The 4th Dimension of the C3 Framework holds both promise and – if misused – peril for history education. The “action” element of Dimension 4 is a bit disconcerting on first look. What does action mean with respect to the study of history? Is action only under the purview of civic educators? We must respond with a resounding no. The leading civic educators acknowledge that action is not restricted to voting or picking up trash. Service learning is most certainly a worthwhile endeavor, but it is not the only form of civic action in a school context. And the study of history is certainly not relegated to an examination of documents in order to set up “action” in the form of role plays, mock trials, or moot court. An active citizen is a thinking citizen, and action – in the context of civic life – means being able to think historically. Citizens can be inspired to take action because of events “here and now,” but individuals are also inspired to take action because they have a deep understanding of how their present actions are part of the larger web of human experience. They can ask historical questions.

Recent studies, measuring citizens’ knowledge about and propensity to participate in civic life, indicate that civic action among America’s youth has changed little since the 1970s.[3] Issuing platitudes reminding students that “every vote counts” has been about as effective as doctors reminding us to eat healthy foods, get plenty of rest, and exercise. Are we aware of these ideas? Yes. Are we moved to act on them? Not necessarily. The National Council for History Education – as the bold and leading voice for history teachers nationwide – must spearhead the development of materials for teachers that demonstrate how historical thinking sets the basis for and lies at the core of civic action. The possibilities through the realm of public history, through historical writing, and through fostering an understanding of our role in the larger human story – to simply name a few – are endless. But “action” cannot remain an abstract concept toward which we strive. The members of NCHE must ensure that the idea becomes substantive and resonates with disciplinary thinking.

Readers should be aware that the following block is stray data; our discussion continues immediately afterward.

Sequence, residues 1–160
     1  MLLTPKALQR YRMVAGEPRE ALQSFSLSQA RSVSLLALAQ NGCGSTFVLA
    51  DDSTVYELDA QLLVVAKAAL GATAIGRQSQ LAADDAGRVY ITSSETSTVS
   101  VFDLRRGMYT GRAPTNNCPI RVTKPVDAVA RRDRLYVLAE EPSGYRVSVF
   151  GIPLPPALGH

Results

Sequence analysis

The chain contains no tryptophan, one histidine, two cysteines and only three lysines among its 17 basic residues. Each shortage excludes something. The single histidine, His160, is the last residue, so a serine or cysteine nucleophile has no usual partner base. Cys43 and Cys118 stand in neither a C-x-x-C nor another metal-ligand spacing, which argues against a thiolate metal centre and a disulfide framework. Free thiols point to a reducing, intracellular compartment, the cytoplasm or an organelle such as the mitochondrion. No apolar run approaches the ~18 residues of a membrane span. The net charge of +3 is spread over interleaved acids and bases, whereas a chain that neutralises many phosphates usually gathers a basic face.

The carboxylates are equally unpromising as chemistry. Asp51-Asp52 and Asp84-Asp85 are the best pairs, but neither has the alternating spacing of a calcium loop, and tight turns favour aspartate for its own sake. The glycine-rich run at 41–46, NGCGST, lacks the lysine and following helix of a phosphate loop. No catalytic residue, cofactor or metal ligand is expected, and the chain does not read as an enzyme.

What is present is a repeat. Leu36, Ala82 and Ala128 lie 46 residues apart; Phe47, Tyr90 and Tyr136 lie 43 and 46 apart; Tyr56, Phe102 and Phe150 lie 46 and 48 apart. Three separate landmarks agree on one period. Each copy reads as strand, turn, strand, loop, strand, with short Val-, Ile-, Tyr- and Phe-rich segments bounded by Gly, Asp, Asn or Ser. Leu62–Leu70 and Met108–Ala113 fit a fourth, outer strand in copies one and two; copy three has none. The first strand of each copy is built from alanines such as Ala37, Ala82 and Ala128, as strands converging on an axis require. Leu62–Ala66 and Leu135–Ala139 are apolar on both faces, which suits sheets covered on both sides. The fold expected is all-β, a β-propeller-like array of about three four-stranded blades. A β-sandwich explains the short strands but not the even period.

All teachers endeavor to help students become civically literate citizens. In order for civic education to have substance, discipline-based thinking must guide the field known as social studies. The C3 Framework makes such a pursuit possible. If a central purpose of civic education is to prepare students for responsible democratic life, history’s disciplinary concepts and methodological practices lend readily to this prescribed role. But make no mistake: history is not a tool of civic education. Rather, history’s habits of mind and intellectual processes resonate at the heart of engaged civic life.

[1] American Historical Association, Report of the Commission on the Social Studies: Conclusions and Recommendations of the Commission (New York: Charles Scribner’s Sons, 1934).
[2] Letter to Beard from Counts, Horn, and Newlon, April 19, 1930, on file in the Counts archives at Southern Illinois University, Carbondale. As quoted in R. Freeman Butts, The Civic Mission in Educational Reform: Perspectives for the Public and the Profession (Stanford: Hoover Institution Press, 1989), 189. Italics in original.
[3] “All Together Now: Collaboration and Innovation for Youth Engagement. The Report of the Commission on Youth Voting and Civic Knowledge,” CIRCLE, accessed December 10, 2013, http://www.civicyouth.org/wp-content/uploads/2013/09/CIRCLE-youthvoting-individualPages.pdf.